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Africa’s last famine

By Thierry Tanoh

Continent needs better infrastructure in order to boost food production

Last year, the international community recognised one of the worst humanitarian tragedies of recent times unfolding in the Horn of Africa, and moved in to ameliorate the widespread famine there. Now, poor rains, crop shortages, and continuing conflict could cause millions to be plunged back into life-threatening levels of hunger and malnutrition.

Emergency assistance is crucial in this fragile time; but it is not enough. Only if the agricultural sector’s fundamental inadequacies are addressed can the region truly escape famine’s blight.

Africa is endowed with 60% of the world’s unused arable land and millions of dedicated farmers. They simply need the tools, infrastructure, and competence to unlock the continent’s tremendous agricultural potential. There is no reason – and no excuse – to leave the survival of millions to unpredictable weather conditions. Rather, countries must take control by drastically improving efficiency and productivity.

To be sure, progress has been made. Some African governments have reduced regulatory barriers to private-sector investment in agriculture. And some are implementing risk-management and hedging tools to shield farmers from drought and flood, and poor consumers from the food-price volatility that such disasters cause. For example, the Global Index Insurance Facility insures Kenyan farmers against drought or excessive rainfall.

Such initiatives foster the flow of resources into agriculture – both for the agribusinesses needed to feed Africa’s growing cities, and for smallholders who need better seeds, fertilizer, and market roads. Although more developed regions have been taking such measures, they are not yet standard practice in Africa.

The continent’s agricultural sector is further hindered by low skills, a dearth of innovation, weak infrastructure, little funding, and lack of access to land, land titles, and lender security. But, given the right tools, all of these problems are solvable.

For example, in order to finance reform, local banks need incentives to expand credit. That could mean access to specialised credit bureaus and rating agencies, risk-sharing facilities targeting smallholders, and advisory services to provide capacity-building and education.

These banks also need direct support. For example, the International Finance Corporation is investing $25 million in Zambia National Commercial Bank to increase access to finance for small-scale entrepreneurs and rural agribusiness companies, which account for a significant share of Zambia’s economic output.

Moreover, innovative financing techniques – such as structured trade finance, warehouse receipt finance, and supplier finance – are already in place or being developed. Under the Global Warehouse Receipt Program, for example, farmers may use produce stored in depositories as collateral for loans.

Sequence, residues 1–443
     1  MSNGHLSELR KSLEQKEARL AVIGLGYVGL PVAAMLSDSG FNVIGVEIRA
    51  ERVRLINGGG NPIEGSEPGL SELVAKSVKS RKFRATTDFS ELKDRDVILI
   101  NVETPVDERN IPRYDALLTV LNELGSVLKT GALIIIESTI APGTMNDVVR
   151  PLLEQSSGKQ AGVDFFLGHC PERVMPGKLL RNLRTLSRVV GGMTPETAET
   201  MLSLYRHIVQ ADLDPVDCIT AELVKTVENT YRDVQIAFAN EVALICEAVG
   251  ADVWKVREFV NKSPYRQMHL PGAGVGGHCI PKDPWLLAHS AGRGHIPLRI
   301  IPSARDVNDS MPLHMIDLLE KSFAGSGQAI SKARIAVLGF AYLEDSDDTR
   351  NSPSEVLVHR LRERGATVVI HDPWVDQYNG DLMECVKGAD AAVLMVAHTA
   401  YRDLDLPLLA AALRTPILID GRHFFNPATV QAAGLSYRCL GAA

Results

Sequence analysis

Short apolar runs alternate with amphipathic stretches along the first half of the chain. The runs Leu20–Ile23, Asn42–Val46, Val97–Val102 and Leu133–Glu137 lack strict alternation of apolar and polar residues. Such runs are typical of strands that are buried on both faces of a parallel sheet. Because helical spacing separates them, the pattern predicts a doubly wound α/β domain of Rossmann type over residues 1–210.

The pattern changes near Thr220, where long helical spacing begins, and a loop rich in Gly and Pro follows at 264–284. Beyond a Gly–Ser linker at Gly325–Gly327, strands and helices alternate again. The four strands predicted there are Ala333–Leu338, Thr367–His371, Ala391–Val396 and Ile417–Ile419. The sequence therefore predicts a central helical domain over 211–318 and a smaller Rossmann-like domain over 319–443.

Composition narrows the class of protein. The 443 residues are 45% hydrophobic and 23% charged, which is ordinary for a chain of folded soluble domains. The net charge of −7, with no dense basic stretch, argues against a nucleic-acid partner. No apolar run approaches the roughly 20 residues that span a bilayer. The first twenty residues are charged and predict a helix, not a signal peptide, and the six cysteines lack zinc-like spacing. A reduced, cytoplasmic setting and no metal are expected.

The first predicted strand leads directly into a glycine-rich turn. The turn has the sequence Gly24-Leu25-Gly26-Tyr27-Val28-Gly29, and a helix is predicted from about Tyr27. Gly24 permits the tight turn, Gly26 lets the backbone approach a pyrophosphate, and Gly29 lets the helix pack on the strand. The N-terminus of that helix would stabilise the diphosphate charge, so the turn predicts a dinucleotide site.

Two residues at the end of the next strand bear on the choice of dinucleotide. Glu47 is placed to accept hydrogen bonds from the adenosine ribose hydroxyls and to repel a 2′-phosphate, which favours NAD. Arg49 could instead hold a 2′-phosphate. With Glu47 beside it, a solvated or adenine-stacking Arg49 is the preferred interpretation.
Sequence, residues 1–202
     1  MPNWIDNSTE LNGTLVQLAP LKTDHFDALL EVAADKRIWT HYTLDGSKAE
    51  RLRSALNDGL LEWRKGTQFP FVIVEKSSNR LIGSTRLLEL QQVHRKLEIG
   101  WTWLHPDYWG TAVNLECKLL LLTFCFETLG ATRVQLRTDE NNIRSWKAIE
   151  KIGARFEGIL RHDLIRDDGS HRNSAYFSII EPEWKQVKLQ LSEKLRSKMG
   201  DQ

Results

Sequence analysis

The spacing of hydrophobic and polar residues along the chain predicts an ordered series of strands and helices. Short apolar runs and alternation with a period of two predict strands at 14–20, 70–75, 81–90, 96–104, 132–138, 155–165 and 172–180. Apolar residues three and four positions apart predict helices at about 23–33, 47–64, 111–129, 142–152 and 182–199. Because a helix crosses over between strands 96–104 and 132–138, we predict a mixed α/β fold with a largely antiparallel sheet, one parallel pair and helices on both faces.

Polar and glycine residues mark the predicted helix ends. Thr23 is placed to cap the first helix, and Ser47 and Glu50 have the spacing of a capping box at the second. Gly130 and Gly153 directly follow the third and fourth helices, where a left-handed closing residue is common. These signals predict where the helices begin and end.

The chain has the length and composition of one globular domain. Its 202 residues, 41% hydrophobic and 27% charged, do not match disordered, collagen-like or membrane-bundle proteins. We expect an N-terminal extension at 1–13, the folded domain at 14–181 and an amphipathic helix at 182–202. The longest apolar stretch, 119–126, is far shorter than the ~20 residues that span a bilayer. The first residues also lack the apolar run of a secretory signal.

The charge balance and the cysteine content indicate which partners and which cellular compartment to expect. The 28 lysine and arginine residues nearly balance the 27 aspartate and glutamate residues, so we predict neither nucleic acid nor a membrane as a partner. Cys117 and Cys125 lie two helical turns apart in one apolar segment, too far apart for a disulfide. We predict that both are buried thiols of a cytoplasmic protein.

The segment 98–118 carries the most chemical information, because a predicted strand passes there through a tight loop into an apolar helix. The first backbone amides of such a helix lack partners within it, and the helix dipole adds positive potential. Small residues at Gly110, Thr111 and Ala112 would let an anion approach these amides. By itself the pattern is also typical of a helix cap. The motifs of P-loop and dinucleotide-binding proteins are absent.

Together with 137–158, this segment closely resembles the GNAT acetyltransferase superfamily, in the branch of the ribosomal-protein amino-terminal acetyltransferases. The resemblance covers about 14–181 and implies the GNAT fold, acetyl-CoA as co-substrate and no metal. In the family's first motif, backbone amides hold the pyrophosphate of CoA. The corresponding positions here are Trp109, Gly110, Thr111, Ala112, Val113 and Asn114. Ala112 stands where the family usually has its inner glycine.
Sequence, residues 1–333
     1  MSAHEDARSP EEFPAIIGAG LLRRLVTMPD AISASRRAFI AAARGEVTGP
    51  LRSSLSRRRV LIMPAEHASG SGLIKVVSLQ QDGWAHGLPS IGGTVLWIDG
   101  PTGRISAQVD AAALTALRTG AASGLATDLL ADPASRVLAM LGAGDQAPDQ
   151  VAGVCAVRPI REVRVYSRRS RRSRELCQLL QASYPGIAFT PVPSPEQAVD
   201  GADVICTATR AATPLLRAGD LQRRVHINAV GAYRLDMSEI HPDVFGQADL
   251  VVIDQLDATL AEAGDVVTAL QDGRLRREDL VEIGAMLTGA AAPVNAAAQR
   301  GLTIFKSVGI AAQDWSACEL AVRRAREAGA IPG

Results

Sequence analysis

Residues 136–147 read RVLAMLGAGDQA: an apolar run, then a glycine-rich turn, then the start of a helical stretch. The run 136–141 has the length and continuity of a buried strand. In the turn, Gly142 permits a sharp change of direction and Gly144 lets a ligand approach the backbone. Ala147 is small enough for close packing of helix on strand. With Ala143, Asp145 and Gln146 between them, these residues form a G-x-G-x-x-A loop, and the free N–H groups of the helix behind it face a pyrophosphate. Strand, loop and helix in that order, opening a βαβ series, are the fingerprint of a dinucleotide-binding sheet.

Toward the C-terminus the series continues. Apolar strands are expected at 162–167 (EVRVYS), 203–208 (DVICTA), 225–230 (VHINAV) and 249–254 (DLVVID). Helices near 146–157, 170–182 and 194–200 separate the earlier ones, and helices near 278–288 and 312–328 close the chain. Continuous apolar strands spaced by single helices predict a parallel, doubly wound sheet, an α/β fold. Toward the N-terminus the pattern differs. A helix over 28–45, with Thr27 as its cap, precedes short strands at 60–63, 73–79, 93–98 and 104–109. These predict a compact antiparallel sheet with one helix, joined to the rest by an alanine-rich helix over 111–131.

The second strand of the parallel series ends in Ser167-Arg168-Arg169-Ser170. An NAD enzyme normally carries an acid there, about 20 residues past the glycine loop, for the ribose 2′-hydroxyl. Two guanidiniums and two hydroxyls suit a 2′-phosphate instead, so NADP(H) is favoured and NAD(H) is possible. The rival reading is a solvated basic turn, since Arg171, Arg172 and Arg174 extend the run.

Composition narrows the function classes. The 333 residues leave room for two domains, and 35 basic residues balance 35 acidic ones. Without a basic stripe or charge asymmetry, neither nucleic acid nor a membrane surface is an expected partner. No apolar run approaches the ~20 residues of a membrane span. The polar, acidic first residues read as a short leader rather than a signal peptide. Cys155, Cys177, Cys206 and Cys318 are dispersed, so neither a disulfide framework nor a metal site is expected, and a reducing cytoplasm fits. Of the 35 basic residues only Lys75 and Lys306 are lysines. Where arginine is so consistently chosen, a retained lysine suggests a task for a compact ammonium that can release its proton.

Smallholder farm-mechanisation models are also needed to improve efficiency and increase yields. Farmers could be grouped together to pool their production and negotiate a favorable offtake agreement to monetise future sales, then use the receipts to lease equipment, such as tractors.

Water is another major constraint on food production in some regions. Most affected countries are working to increase supply by developing new sources of ground and surface water, using wastewater from nearby urban areas, harvesting rainwater, or reusing agricultural drainage. Meanwhile, some countries are focusing on reducing demand, through improved management and innovative agricultural techniques, such as precision and drip irrigation.

Africa also needs better infrastructure in order to boost food output. Limited access to electricity means that cold storage is lacking; poorly maintained roads slow down old vehicles; and inefficient ports often leave food to rot on the docks. Production is meaningless if fresh products do not make it to market in good condition and at a reasonable cost.

Finally, Africa’s transformation into an agricultural powerhouse must be based on inclusiveness and environmental sustainability. Investments should ensure an equitable division of benefits between producers and consumers, and include smallholder participation and linkages to markets for inputs and outputs. And investors must account for the interests of host countries, local communities, and the environment – an approach that is both good and good business.

Long-term food security in Africa is possible. In fact, it is only the first step on the road to a booming agricultural export sector for Africa. By acting now, African and international leaders can ensure not only the continent’s food security, but also a prosperous, inclusive economy.

Thierry Tanoh is Vice President for Sub-Saharan Africa, Latin America and the Caribbean, and Western Europe at the International Finance Corporation, a member of the World Bank Group.

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